Walgreens cited shoplifting as rationale for closing 5 stores in San Francisco, but local officials, data, and experts cast doubt on that explanation

Customers see products in locked security cabinets at Walgreens in San Francisco. The store will close in the next few weeks, on October 13th 2021. Photo by Justin Sullivan/Getty Images
Walgreens announced that it is closing several San Francisco locations due to an increase in retail theft.

The Chronicle was unable to find any high shoplifting rates at closing stores from police data.

According to one expert, Walgreens could have suffered if people moved out of the city during the pandemic.

Walgreens announced Tuesday that it would close five of its San Francisco stores due to "organized criminal activity." But, data from the police, local officials and policy experts cast doubt on this reasoning according to a San Francisco Chronicle report.

The report stated that the chain had suffered retail theft. However, other factors such as the COVID-19 pandemic or oversaturation of shops were also cited as possible reasons for closing the stores.

Phil Caruso, spokesperson for Walgreens, stated that retail theft has increased by fivefold in San Francisco over the last few months.

The Chronicle obtained data from the San Francisco Police Department that contradict Walgreens' claims. One of the stores to be closed reported only 23 shoplifting incidents between 2018 and 2018. While shoplifting incidents may not be reported in all cases, the average number of shoplifting reports from closing stores was less than one per month since 2018.

Caruso stated that organized retail crime is still a problem for retailers in San Francisco. To combat this problem, we increased our security investments in the city's stores to 46 times that of our average chain in an effort create a safe environment.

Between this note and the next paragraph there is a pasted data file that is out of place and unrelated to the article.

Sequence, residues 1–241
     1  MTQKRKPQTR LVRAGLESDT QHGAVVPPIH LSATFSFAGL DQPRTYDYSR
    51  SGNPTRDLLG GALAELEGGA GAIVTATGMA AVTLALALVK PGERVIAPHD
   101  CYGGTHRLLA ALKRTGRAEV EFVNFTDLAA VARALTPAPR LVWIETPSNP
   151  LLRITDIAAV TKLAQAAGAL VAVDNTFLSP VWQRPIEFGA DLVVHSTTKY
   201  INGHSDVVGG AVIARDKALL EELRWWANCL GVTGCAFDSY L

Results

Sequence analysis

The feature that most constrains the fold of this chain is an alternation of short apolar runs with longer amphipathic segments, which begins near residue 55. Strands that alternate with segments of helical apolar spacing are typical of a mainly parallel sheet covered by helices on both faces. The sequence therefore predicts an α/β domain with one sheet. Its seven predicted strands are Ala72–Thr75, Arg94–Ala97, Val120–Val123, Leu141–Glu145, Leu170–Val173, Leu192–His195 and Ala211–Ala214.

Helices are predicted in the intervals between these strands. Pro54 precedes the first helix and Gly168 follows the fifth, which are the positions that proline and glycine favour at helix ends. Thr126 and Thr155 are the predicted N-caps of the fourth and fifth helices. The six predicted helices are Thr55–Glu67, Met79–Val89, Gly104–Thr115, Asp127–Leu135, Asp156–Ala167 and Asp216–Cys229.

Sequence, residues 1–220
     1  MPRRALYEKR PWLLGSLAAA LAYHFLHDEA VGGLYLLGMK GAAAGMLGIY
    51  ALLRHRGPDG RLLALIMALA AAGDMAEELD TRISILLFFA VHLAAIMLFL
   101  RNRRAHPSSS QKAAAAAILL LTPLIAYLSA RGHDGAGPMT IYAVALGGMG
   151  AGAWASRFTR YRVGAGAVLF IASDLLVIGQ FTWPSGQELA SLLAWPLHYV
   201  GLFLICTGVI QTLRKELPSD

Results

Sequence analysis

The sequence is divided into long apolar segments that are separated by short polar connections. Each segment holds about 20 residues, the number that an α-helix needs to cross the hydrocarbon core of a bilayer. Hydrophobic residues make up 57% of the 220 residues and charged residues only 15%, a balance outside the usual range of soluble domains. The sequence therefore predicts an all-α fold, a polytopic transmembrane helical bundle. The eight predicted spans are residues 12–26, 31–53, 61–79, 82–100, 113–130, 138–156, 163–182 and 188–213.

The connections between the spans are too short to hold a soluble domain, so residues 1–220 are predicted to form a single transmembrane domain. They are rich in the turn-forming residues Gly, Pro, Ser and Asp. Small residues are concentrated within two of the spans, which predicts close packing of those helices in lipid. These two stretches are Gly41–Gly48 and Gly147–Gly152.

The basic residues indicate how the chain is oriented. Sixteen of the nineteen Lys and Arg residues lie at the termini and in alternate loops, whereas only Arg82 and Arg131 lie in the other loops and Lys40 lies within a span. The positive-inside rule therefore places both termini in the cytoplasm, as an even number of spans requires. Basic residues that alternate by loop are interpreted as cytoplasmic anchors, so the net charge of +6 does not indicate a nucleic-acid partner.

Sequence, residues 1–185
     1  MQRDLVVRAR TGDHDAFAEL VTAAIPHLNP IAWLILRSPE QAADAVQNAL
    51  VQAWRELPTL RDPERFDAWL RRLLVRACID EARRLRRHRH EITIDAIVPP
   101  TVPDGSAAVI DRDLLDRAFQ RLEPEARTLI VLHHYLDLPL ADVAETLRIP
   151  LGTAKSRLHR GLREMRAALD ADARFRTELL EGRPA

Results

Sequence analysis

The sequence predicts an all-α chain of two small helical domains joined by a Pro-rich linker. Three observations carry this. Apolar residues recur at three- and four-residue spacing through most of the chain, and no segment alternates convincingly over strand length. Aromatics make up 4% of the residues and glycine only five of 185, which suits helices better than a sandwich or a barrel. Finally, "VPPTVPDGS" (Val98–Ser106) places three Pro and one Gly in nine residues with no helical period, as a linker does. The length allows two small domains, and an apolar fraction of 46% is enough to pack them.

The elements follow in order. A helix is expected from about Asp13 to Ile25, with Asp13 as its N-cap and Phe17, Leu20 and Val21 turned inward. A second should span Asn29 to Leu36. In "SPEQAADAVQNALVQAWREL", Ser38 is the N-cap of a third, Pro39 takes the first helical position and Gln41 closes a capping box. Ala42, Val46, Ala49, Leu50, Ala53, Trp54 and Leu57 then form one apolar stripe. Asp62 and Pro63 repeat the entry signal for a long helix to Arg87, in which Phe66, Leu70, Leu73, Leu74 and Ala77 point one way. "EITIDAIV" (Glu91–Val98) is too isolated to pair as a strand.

London Breed, the San Francisco Mayor, resisted Walgreens' claims of closing the stores.

She said that shoplifting was the main reason but that she also believes that a place doesn't generate revenue and that a place is saturated - SF has a lot Walgreens locations throughout the city - so she did not deny that other factors could play a role.

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Dean Preston, the supervisor for San Francisco's 5th District, stated that the pharmacy chain is abandoning the community and had "long planned" to close the stores, according to the San Francisco Chronicle.

Preston tweeted, "Oddly that some are so offended that they might suggest that a huge corporate chain might be closing retailers for the exact reason that they told investors that they would close locations," on Friday.

Walgreens, in a filing to the 2019 Security and Exchange Commission, announced that it would launch a Transformational Cost Management Program. This program would see 200 US stores close in order for $1.5 billion annual savings by 2022.

Nicholas Bloom, a Stanford economist, published a May study that found 15% of San Francisco residents fled during the pandemic. He explained to the Chronicle that this could be why Walgreens has lost its customer base.

Property crime rates are high in San Francisco, according to Magnus Lofstrom, a criminal justice researcher. This could be partly due to the large income inequality of the Bay Area.

Insider reached Walgreens for comment but they did not respond immediately.

Business Insider has the original article.